What's astonishing is that it was 12 years ago. 12 Years?!
If you're using vector graphics (lines and rectangles rather than hand drawn lines), then there is the Canvas container in WinRT -- this is much like the traditional windows system where you use coordinates from the top left. WinRT also has built in affine transformations which can be used to track user manipulations of vectors.
Although it's targeting WPF (desktop) rather than store apps, this article shows a canvas used as a diagramming system and should give you some starters for the XAML involved. I expect the majority, if not all, of the code will translate to WinRT.
I have a small blog where I write about broad, generalised topics in software development in the context of real life coding; subjects like architecture, design patterns, design philosophy, etc.
But I'm struggling to think of the next topic. Perhaps it's just the short day-lengths but I just can't settle on something to espouse.
@RamblingGeekUK: I would also publish something (OSS, Phone App, WIn8 app, whatever). Doesn't have to be big, just make sure you do a good job. You can then reference this on your CV and they can take a look and see that you know how to code.
Writing articles can also help -- publish some small, useful code fragment you're come up with on Code Project or somewhere like that. If it gets slated, do another one until you get one that gets good reviews. Then add the good one to your CV but leave out any that didn't do so well :)
Showing that you know how to code it better than having a qualification with the ink still wet.
My take on this is that people generally see the police force as representing "The System" (be that the government, the status quo or the military-industrial complex). When we are in times of austerity (as we currently are) people become more frustrated and tend to target their frustrations at 'The System' which manifests itself as an increase anti-police sentiment.
When times are good, people tend not to notice the police so much so there is no balancing positive state. This means that the average is negative.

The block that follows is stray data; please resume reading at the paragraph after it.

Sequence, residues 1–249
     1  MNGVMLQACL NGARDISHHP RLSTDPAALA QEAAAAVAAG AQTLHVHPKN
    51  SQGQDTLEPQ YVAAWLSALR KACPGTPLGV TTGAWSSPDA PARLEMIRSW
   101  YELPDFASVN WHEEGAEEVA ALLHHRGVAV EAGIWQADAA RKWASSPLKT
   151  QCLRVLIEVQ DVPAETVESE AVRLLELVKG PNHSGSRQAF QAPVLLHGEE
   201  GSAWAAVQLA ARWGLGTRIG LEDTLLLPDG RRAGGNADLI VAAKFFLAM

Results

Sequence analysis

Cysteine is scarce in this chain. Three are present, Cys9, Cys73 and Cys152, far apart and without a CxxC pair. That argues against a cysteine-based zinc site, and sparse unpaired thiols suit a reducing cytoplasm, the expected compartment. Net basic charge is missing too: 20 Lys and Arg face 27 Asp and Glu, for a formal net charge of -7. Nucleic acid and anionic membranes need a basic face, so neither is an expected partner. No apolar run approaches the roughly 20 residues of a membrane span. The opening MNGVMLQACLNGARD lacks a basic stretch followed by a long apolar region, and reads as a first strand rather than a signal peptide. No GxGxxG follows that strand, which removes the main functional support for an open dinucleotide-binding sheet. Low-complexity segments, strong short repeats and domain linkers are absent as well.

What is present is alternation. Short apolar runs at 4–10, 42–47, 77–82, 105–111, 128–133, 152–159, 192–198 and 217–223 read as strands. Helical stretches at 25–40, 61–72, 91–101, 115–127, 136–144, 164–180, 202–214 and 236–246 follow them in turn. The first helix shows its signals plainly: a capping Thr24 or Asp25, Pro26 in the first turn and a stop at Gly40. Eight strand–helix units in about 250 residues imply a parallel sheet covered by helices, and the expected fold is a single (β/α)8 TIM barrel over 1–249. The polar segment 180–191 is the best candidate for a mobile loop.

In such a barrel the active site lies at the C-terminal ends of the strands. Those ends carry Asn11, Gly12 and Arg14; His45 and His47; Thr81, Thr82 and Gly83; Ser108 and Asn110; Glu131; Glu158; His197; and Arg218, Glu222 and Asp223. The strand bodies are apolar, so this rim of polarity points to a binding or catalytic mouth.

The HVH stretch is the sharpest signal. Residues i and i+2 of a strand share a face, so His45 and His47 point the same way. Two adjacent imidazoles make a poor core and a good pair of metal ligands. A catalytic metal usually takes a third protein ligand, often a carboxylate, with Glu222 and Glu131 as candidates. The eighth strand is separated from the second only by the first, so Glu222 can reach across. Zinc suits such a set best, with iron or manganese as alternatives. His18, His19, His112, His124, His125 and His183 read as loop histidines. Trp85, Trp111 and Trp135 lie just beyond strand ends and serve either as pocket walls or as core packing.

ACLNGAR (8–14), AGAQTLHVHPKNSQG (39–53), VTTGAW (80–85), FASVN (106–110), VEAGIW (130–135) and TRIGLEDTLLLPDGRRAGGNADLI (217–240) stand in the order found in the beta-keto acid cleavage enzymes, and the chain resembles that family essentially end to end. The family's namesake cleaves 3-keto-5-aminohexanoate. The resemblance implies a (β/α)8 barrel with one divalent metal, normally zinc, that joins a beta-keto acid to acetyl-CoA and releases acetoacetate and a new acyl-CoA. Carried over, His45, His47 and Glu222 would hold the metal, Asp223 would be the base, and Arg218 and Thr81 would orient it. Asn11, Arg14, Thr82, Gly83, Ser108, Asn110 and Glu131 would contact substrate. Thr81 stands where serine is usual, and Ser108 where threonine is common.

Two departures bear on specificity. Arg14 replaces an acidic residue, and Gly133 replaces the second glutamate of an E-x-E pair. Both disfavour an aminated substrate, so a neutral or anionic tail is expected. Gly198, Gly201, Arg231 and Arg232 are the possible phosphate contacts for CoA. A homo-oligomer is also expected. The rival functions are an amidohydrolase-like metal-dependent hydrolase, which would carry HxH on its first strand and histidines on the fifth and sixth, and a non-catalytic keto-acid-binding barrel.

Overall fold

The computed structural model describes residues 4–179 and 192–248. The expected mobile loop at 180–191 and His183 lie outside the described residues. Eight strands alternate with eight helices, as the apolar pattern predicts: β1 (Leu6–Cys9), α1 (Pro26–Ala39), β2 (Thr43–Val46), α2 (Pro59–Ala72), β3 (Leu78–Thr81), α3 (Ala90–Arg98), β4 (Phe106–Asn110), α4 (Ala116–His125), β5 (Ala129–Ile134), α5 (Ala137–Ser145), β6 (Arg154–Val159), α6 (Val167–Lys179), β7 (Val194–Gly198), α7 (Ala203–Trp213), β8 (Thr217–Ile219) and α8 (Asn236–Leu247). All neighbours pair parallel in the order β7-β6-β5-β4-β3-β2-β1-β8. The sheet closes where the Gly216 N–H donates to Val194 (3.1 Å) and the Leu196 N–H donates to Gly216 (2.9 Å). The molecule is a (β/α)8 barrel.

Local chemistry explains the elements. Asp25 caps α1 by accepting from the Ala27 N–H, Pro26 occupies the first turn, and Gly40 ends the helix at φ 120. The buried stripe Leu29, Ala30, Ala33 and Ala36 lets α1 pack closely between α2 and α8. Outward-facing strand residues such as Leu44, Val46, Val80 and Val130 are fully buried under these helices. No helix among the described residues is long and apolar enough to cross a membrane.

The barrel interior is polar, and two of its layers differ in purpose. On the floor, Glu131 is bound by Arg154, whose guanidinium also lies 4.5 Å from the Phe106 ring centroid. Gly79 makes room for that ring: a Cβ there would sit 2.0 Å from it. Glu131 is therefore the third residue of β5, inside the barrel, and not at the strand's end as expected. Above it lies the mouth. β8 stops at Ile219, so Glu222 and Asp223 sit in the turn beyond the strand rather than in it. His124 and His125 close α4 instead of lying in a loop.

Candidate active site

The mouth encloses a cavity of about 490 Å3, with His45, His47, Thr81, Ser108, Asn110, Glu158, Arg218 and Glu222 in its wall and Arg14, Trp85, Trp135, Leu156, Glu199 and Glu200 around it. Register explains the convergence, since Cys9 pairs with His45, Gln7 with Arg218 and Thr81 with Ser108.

I'm using Carbonite at home: it doesn't care about file formats, only file sizes. I'm happy with how it works; if I've deleted it from my PC then I don't care about backups being removed. I also don't need a full disk image; I back up all the documents and everything else can be re-installed. My main reasons for making backups are in case of theft or disk failure so I'm not really concerned about file history.
If you are thinking of any on-line backup system make sure you have a decent upload speed. I get about 9Mb upload which is fine, but even then the first upload took a long time to finish.
I haven't done this for a while, but I do remember having to run the debugging tools on the tablet (an original Surface RT in my case) as an administrator -- then the remote logging just seemed to work. I also had to add the admin user details from the desktop when debugging.
1. Sony is not a 'free speech platform' it's a multinational media company that produces films for profit. It is not their place (or their desire) to stand up for anything and they're certainly not going to take any risks with anybody's lives - that's for governments to do. Oh, and Sony certainly don't stand up for the 1st amendment or 'The American way of Life'; being a conglomerate of Japanese origins it's rather silly to call them 'Un-American' as some people in Hollywood have done.
2. Uncle Sam can do what about this exactly? North Korea may have been proven to be the source (as the media in the UK claims the US Government has now verified), but what exactly can the US do that they're not already doing? You think the US are not already involved in cyber attacks on competing ideologies?
It is disappointing that a film is withdrawn due to threats, but we cannot blame the media company who are just trying to mitigate their risk and losses. Blame North Korea all you like, but you can't blame Sony for being what they are.
I thought Sony's declaration that they will never release the film in any format ever was a mistake, though. They should have kept their options open.